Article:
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More than a third of coronavirus patients feel symptoms for weeks, CDC says - L.A. Focus Newspaper

The CDC surveyed 292 people who tested positive for the virus, and 35% said they still weren't back to their usual good health even two or three weeks after testing positive.

While older people were more likely to feel prolonged symptoms, even young adults without underlying conditions reported feeling unwell for a long period of time, the CDC said.

The new understanding into how the virus affects patients comes as more than 4.1 million cases of coronavirus cases and 145,539 deaths have been reported in the US, according to data from Johns Hopkins University.

Health experts have stressed the importance of testing to mitigate the spread of the coronavirus but have also said that people who do not show symptoms can spread of the virus.

On Friday, the US Food and Drug Administration announced an emergency use authorization for the first coronavirus test for asymptomatic cases -- and even people who think they aren't infected at all.

"FDA's authorization of the first diagnostic test to be used for anyone, regardless of whether they are showing symptoms of COVID-19 or have other exposure risk factors, is a step toward the type of broad screening that may help enable the reopening of schools and workplaces," FDA Commissioner Dr. Stephen Hahn said in a statement Friday.

Vaccine could help, but is a long way off

For those hoping to reopen the US after the coronavirus pandemic, vaccines have been a beacon of hope.

Dr. Anthony Fauci, director of the National Institute of Allergy and Infectious Diseases, said he believes that hope is warranted and that a vaccine could stop the pandemic in its tracks, but he also doesn't believe that will happen until well into 2021.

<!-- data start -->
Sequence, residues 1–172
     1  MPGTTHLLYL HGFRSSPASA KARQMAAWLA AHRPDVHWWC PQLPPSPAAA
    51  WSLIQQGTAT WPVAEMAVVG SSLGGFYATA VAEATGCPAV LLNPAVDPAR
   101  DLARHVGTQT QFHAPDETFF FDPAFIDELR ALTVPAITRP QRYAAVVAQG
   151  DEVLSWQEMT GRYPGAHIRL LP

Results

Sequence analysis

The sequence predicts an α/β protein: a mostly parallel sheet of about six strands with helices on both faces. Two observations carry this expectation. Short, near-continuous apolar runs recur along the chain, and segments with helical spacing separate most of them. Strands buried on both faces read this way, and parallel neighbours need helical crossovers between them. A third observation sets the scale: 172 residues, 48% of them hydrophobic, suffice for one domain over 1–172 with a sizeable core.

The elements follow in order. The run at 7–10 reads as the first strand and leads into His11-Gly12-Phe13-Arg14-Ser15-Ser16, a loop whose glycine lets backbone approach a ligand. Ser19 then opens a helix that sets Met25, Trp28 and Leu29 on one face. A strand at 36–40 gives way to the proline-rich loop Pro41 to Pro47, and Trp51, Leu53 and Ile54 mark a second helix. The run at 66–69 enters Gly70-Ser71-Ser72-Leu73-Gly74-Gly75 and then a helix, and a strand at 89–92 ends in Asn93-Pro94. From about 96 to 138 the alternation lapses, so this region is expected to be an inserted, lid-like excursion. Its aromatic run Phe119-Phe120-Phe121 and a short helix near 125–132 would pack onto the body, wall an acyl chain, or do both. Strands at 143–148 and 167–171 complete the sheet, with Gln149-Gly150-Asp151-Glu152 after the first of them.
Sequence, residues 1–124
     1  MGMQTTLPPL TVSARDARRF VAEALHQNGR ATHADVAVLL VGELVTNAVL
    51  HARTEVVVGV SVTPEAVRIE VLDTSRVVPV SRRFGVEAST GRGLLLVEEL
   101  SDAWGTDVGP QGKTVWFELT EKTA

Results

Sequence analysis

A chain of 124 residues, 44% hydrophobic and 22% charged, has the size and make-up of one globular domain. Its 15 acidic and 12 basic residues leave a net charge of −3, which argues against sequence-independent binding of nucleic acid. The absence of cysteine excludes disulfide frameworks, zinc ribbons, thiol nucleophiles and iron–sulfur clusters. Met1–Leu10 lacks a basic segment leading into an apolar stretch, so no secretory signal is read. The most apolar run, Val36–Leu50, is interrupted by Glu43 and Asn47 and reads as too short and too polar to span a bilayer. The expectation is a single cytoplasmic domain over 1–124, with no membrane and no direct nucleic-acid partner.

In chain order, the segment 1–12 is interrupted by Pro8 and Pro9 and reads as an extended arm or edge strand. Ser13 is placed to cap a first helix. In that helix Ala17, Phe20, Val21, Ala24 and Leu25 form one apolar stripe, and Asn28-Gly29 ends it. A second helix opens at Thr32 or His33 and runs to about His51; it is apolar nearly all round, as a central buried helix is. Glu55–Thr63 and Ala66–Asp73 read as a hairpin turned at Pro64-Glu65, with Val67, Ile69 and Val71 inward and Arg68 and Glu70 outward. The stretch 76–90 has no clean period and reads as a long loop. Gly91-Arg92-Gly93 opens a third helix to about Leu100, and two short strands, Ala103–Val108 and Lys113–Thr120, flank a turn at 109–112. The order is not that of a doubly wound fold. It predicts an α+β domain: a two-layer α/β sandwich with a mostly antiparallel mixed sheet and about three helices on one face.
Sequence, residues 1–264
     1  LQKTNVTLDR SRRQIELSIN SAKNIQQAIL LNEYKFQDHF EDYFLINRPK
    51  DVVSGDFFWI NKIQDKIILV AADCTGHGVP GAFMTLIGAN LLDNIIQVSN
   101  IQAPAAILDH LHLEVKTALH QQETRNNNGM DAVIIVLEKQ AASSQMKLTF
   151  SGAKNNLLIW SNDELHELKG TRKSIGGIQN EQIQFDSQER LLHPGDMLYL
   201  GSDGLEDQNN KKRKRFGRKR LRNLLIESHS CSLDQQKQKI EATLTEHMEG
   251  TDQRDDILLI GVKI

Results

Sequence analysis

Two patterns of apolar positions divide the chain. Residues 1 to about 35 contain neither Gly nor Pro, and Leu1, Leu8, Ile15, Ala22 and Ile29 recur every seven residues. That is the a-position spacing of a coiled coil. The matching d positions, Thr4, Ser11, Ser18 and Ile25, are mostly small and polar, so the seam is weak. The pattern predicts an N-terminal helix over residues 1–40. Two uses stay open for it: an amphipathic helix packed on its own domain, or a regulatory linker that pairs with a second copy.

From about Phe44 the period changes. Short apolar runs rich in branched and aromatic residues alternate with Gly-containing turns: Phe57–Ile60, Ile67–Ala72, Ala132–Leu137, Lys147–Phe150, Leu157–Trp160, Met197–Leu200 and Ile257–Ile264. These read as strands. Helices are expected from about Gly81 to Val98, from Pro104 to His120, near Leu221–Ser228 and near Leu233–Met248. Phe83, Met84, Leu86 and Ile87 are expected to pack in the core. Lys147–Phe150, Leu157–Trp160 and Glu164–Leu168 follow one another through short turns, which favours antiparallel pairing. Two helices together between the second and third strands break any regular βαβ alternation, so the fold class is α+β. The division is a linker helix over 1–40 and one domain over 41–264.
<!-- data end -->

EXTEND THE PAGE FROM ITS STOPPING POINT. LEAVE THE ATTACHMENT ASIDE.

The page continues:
"I think as we get into 2021, several months in, that you would have (a) vaccine that would be widely available to people in the United States," Fauci told the Washington Post's Bob Costa during a Post Live event.

Fauci noted that some companies have said they could have a vaccine available before the end of the year.

"I'm a little skeptical about that, but, you know, anything is possible," he told the Post.

Once a vaccine is found and made available, the public will need to agree to take it in order for it to be effective. Former Centers for Disease Control and Prevention director Dr. Thomas Frieden said Friday that could be difficult.

"This is the first time we've had an anti-vaccine movement before we've had the vaccine," Frieden said in a podcast sponsored by the online news site Axios.

"There's already too much suspicion and hesitancy about vaccines, and the way to address that is to just say it like it is and be sure that we're saying what we're doing, when we're doing it, what we're learning, when we're learning it," said Frieden, who is now the president of Resolve to Save Lives.

States still setting records

Months into the US coronavirus pandemic, states across the nation are still setting new records for infections and deaths.

Oregon, which has

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